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Discussion Groups | Comp.DSP | Purpose of interpolation in DACs?

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Purpose of interpolation in DACs? - Ben Jackson - 2006-05-18 18:10:00

I'd like to test my understanding of the usefulness of interpolation
in a DAC:

If you feed a signal to a DAC at Fc < Fclk/2 then there is a primary
image at Fc and (possibly unwanted) aliasing at Fclk +/-Fc and at
harmoics of Fclk +/-Fc.

Now, if you upsample (zero-stuff) the input to a higher Fclk, then the
DAC runs faster, and the DAC-produced images are now at n*Fclk+/-Fc.
However, the zero-stuffed data itself now has the images that would have
appeared in the original DAC output, so the result is the same (?).

So the next step is interpolation -- upsample + digital filter.  The
digital filter is cheaper and can have sharper cutoffs than an analog
filter.  Of course it can't filter beyond n*Fclk/2, but at least now the
new, higher (and fewer, in some sense) n*Fclk+/-Fc images are all that's
left in the output.  This is nice because the analog output filter can
be lower order and have a wider transition band and still have the same
alias suppression.

Am I missing anything about DAC interpolation?  I know there are some
other more exotic uses (eg filtering to use a higher frequency alias
directly to avoid an upconversion step).

-- 
Ben Jackson
<b...@ben.com>
http://www.ben.com/


Re: Purpose of interpolation in DACs? - Bhaskar Thiagarajan - 2006-05-18 19:19:00

"Ben Jackson" <b...@ben.com> wrote in message
news:s...@saturn.home.ben.com...
> I'd like to test my understanding of the usefulness of interpolation
> in a DAC:
>
> If you feed a signal to a DAC at Fc < Fclk/2 then there is a primary
> image at Fc and (possibly unwanted) aliasing at Fclk +/-Fc and at
> harmoics of Fclk +/-Fc.
>
> Now, if you upsample (zero-stuff) the input to a higher Fclk, then the
> DAC runs faster, and the DAC-produced images are now at n*Fclk+/-Fc.
> However, the zero-stuffed data itself now has the images that would have
> appeared in the original DAC output, so the result is the same (?).
>
> So the next step is interpolation -- upsample + digital filter.  The
> digital filter is cheaper and can have sharper cutoffs than an analog
> filter.  Of course it can't filter beyond n*Fclk/2, but at least now the
> new, higher (and fewer, in some sense) n*Fclk+/-Fc images are all that's
> left in the output.  This is nice because the analog output filter can
> be lower order and have a wider transition band and still have the same
> alias suppression.
>
> Am I missing anything about DAC interpolation?  I know there are some
> other more exotic uses (eg filtering to use a higher frequency alias
> directly to avoid an upconversion step).
>
> -- 
> Ben Jackson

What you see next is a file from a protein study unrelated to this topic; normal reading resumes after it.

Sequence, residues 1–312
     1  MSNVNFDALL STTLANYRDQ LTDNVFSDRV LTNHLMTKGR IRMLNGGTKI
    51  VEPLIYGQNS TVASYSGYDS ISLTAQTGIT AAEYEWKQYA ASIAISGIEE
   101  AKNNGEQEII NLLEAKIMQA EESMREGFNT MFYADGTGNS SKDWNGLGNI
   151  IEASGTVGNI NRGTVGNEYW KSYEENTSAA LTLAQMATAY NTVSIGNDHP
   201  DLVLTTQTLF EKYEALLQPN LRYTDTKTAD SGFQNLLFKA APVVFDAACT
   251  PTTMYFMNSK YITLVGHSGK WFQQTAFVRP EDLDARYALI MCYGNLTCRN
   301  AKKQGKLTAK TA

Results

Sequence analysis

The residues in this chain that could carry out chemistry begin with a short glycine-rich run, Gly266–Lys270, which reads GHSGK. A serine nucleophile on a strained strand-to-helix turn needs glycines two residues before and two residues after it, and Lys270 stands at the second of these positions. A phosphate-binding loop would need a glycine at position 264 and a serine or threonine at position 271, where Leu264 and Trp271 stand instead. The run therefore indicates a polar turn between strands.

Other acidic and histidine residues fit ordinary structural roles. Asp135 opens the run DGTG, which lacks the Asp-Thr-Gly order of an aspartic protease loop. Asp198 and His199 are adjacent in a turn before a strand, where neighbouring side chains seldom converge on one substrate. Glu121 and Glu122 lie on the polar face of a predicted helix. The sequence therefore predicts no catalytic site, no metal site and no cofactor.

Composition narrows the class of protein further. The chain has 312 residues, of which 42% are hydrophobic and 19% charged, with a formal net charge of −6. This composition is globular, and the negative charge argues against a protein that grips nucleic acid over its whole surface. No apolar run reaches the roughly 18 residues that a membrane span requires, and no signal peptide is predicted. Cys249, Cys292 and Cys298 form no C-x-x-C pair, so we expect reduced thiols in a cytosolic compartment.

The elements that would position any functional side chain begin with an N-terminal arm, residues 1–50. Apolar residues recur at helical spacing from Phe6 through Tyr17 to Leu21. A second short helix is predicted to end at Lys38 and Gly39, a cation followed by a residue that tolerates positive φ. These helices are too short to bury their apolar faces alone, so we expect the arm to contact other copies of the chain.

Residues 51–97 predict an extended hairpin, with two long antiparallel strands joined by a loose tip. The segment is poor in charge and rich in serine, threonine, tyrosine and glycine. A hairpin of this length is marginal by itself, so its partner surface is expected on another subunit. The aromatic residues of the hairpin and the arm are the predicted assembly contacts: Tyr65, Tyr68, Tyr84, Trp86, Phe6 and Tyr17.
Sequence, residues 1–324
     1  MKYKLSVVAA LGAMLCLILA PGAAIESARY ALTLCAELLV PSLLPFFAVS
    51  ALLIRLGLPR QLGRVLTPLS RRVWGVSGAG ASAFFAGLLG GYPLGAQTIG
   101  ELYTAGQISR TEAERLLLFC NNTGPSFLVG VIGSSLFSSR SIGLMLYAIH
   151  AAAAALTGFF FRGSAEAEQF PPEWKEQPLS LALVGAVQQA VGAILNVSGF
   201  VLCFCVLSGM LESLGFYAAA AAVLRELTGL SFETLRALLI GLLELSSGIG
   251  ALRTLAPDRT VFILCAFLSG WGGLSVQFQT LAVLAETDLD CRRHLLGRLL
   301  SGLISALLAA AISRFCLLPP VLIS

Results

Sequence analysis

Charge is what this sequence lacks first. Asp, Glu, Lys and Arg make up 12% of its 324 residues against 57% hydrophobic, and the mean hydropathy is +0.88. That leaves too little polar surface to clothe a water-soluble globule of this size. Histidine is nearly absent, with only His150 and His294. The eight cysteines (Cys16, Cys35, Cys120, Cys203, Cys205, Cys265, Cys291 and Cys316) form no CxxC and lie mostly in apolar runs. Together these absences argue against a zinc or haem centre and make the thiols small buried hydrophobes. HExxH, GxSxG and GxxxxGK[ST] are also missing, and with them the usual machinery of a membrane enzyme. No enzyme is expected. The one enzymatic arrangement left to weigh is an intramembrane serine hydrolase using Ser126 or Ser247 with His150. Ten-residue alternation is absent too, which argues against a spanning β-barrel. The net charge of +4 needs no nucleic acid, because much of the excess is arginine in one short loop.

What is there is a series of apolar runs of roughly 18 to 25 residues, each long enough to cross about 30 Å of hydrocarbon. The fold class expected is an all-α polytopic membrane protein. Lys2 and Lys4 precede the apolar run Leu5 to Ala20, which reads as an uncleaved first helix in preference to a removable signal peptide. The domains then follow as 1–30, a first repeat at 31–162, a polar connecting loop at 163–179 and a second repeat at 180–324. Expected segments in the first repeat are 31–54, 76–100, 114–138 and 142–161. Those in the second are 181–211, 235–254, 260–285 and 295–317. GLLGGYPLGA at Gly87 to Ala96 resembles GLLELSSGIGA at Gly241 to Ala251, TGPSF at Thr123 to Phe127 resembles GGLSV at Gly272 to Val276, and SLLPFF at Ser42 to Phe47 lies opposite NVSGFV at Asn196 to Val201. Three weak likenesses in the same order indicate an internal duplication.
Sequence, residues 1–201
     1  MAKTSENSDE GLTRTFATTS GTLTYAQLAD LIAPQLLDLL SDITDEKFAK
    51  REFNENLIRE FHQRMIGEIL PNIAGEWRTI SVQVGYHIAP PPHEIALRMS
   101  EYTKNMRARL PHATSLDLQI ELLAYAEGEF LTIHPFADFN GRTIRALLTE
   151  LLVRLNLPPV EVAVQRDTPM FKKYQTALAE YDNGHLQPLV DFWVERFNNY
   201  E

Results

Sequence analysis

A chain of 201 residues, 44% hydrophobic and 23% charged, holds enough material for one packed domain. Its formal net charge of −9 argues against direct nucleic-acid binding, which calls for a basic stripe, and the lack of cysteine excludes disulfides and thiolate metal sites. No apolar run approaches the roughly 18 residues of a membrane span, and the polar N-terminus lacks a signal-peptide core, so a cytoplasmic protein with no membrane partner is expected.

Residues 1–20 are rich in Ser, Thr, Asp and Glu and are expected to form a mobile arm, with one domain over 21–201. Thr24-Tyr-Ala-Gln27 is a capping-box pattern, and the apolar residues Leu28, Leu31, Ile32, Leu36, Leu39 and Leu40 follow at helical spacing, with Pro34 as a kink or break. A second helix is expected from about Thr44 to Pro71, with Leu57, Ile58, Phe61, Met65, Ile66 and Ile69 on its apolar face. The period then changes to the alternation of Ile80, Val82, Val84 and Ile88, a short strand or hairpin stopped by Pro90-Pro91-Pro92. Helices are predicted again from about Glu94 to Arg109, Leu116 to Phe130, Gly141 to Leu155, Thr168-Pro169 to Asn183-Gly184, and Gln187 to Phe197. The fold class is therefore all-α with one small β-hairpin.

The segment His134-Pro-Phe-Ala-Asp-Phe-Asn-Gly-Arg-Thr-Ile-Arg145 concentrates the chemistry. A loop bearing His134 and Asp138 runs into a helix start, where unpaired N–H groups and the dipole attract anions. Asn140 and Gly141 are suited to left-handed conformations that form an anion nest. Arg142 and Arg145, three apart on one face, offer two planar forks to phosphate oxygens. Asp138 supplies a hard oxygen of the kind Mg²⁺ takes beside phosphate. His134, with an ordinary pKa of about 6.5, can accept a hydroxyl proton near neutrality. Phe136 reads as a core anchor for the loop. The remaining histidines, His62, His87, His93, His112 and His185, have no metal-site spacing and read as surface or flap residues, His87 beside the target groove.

> <b...@ben.com>
> http://www.ben.com/

You can use the digital filter to pre-compensate for the sinx/x roll-off you
get from the DAC.

Cheers
Bhaskar


Re: Purpose of interpolation in DACs? - Randy Yates - 2006-05-19 03:02:00

Hi Ben,

I think your analysis so far is correct.

There is another reason for upsampling a signal to a DAC: to increase
the effective resolution of the DAC. In order for this to work, your
digital signal resolution must be wider than the DAC resolution. For
example, if your digital signal was 16 bits and your DAC was only 12
bits, you could use this technique.

The key to understanding this is realizing that the total quantization
noise power (or, in this case, "re"quantization noise, since we're
converting a digital signal to a lower-resolution digital signal)
depends ONLY on the amount of quantization and NOT on the sample
rate. For example, if I drop the resolution by one bit, I get q^2/12
total noise power [1] spread out over the entire digital bandwidth
from 0 to Fs/2, where q is the quantization step-size (ultimately
determined by your DAC reference voltage and resolution).

So let's say, e.g., that you have a digital signal that's 16 bits wide
and originally at 32 kHz sampling rate. If you upsample as you
described, keeping the digital signal at 16 bits, to 64 kHz,
and then *at the 64 kHz rate* requantize the signal to 12 bits, then
you'd introduce (4*q)^2 / 12 quantization noise power into your 16-bit
signal. But that noise power would be spread from 0 to 32 kHz, whereas
your bandwidth of interest (from the original "baseband" sample rate)
is only 0 to 16 kHz. So the total quantization noise power in your
bandwidth of interest is now 1/2 of what it would have been had
you not upsampled.

It's easy to see that every doubling of the sample rate gives you a 3
dB decrease in quantization noise, and so it takes an oversampling
ratio of 4 to get a 6 dB reduction, or 1 bit of extra resolution. In
general, oversampling by M gives you log_4(M) bits of resolution.

--Randy



[1] This makes the standard assumption that the input signal is
sufficiently complex that the quantization noise is white and
uniformly distributed.